Nature recently carried a Comment setting out A market approach to saving the whales. It got a fair bit of traction, which is nice.
The authors, Christopher Costello, Leah R. Gerber and Steven Gaines, admit that their proposal is complex and could be hard to administer. Rendered down, it is simple. Allocate quotas on whales and allow them to be traded. Whalers could choose to kill “their” whales, trade them with other whaling nations, or save them for another season. Non-whalers -- conservationist societies, for example, or whale-friendly governments -- could buy quota and save those whales forever.
Predictably, Greenpeace finds the idea “abhorrent”. If the whales are saved, what happens to their income stream? And other economists are not impressed either. Science quotes Martin Smith, an environmental economist. “The trading system could have unintended negative consequences. If fewer whales are killed but the demand for whale meat stays the same, he says, then prices will rise -- and that could stimulate illegal whaling.” Frankly, that would be the least of my worries.
I’m not impressed for a bunch of other reasons, some of which are purely peevish. The authors admit that the idea is not new. Indeed, it is not, having been put forward by Colin Clark and Roland Lamberson in 1982. Nature’s authors say it failed to take off “because the concept was ahead of its time”. They also give the distinct impression that Clark and Lamberson’s work has remained buried until they unearthed it. That’s almost true. The paper has been pretty well cited in the academic literature, and the quota idea was explored by, er, me in my 1988 book The Hunting of the Whale.
I confess I couldn’t put numbers on the potential price of a whale, back then, because the moratorium had only just been agreed, and the costs of saving whales weren’t as well known either, so my exploration wasn't nearly as thorough as that of Costello et al., and of course I don’t expect them to have read my book. What annoys me more about both the proposal and the response to it is that both ignore the one big fundamental truth about whaling, which we’ll get to in a minute.
Objections from anti-whalers have mostly been of the “they’re sentient beings too” variety, which doesn’t seem to acknowledge that these fine sentiments have so far failed to put a permanent end to commercial or subsistence whaling. Others have pointed out that there’s more to whaling than costs or profits; whaling continues because it is subsidised by governments and is directed at that government’s standing among its people and internationally. Having to buy a quota wouldn’t materially affect that.
So what’s the real problem? “Sustainable,” that's what.
Costello et al. refer repeatedly to the idea that for each population there is some “sustainable” number of whales that could be taken. Biologically, of course, they are correct, and it depends on the reproduction rate of the whales, among other things. I used to think that the big problem was agreeing on the correct quota, until Sidney Holt, a great fisheries scientist, set me straight by pointing out that “economics is against it”. How so? Holt referred me originally to Colin Clark’s papers, which in addition to floating the idea of a quota also point out that money multiplies faster than whales. In the real world, the reproduction rate of the whales runs smack into the reproduction rate of money, and money wins.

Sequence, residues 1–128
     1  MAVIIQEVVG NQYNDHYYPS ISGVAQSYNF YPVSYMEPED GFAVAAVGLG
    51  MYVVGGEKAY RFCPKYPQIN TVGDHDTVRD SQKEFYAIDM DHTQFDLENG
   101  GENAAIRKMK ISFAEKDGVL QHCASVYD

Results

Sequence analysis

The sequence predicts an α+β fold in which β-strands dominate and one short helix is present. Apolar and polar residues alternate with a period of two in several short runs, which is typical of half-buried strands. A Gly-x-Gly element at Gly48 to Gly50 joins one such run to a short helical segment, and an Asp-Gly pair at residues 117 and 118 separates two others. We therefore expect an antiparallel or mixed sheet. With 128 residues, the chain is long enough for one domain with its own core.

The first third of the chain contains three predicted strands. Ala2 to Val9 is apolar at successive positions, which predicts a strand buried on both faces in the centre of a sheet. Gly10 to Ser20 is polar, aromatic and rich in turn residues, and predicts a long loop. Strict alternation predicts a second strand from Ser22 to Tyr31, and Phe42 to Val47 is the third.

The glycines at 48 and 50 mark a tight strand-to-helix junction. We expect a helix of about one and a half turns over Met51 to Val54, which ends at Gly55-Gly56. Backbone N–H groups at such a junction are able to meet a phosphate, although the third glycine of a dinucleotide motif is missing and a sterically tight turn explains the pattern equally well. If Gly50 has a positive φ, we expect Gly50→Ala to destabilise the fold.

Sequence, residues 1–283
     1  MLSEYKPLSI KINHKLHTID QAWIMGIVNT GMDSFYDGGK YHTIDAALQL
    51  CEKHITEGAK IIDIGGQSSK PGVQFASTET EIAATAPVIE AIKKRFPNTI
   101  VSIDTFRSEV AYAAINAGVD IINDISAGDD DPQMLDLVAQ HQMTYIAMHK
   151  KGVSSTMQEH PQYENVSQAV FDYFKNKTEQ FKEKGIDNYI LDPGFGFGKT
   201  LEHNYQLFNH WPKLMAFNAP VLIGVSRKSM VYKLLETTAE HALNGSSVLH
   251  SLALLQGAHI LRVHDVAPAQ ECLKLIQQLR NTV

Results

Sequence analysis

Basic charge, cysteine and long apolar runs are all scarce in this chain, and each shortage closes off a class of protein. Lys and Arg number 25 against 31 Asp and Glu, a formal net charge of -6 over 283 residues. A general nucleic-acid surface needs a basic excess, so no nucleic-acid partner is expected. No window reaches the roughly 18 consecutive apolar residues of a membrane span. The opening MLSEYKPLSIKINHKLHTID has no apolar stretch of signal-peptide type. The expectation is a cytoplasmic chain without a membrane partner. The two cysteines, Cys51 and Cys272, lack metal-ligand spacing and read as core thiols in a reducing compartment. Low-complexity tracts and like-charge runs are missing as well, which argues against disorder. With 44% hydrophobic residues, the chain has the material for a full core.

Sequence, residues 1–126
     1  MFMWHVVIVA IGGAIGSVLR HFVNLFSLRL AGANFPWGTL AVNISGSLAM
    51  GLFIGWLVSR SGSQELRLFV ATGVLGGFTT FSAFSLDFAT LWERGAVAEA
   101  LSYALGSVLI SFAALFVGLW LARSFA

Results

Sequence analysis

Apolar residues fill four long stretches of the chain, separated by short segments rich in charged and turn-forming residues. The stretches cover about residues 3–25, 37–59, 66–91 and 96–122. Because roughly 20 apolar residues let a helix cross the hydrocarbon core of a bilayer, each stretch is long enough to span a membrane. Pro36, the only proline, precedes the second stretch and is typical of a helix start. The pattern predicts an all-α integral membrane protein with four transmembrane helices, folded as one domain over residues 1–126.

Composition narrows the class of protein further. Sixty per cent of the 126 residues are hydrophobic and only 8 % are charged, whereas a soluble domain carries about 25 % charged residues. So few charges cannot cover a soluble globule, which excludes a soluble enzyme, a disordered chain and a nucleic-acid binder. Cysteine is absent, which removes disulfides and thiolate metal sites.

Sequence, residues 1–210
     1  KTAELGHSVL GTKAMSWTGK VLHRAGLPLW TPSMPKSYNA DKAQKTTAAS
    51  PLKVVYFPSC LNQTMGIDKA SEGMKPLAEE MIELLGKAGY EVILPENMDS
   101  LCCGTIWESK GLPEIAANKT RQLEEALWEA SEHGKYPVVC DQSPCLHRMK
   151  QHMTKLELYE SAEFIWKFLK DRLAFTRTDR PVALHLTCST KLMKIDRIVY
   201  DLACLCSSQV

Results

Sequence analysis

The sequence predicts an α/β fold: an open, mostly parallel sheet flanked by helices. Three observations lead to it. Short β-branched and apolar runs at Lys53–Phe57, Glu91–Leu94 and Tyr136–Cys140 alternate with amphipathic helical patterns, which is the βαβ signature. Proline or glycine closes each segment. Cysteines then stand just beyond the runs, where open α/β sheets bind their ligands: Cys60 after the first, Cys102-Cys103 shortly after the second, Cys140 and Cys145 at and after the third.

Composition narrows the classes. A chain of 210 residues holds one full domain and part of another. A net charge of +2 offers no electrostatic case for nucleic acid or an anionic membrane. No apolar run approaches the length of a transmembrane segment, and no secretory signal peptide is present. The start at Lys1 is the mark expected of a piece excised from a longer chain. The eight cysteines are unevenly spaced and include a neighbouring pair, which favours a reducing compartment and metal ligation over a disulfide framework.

Oversimplifying, a whaler has to decide whether to milk or mine the stocks; to kill a whale, or leave it in the ocean to breed, for some future year. By not killing it, he is effectively investing in its future reproduction. Because whales reproduce relatively slowly, he actually loses money that way. He makes more profit by killing all the whales he can and investing the proceeds in some other venture, like razing tropical forests. As I wrote at the time:
This is a pretty pessimistic conclusion for anyone with a non-financial interest in whales. It means, in effect, that we cannot expect whaling nations to regulate their activities “rationally,” because in fact the rational approach is to exploit the stock as quickly as possible until it is exhausted. That may be disappointing, but it is true. All the so-called disasters of the history of whaling -- the system of Blue whale units, the depletion of the most valuable resources first, the excessive fishing capacity of the early heady days -- are in fact entirely rational responses to the motive of maximising profits. 1
It would have been nice if Costello et al. had explored not only Colin Clark’s idea for a quota-selling World Whaling Authority, but also his explanation of why, in the case of slowly reproducing natural resources, conservation doesn’t pay. My own prediction, for what it is worth, is that it will probably never be worth investing in new whaling ships, and that most commercial whaling, especially far from shore, will stop when the last rust-bucket is beyond repair. I haven’t kept up with the state of the main fleets for some years now, so I don’t know how far gone they are, but I honestly think it is just a matter of time before commercial whaling does indeed grind to a halt. Quotas will only delay that day.
All explained in the book. ↩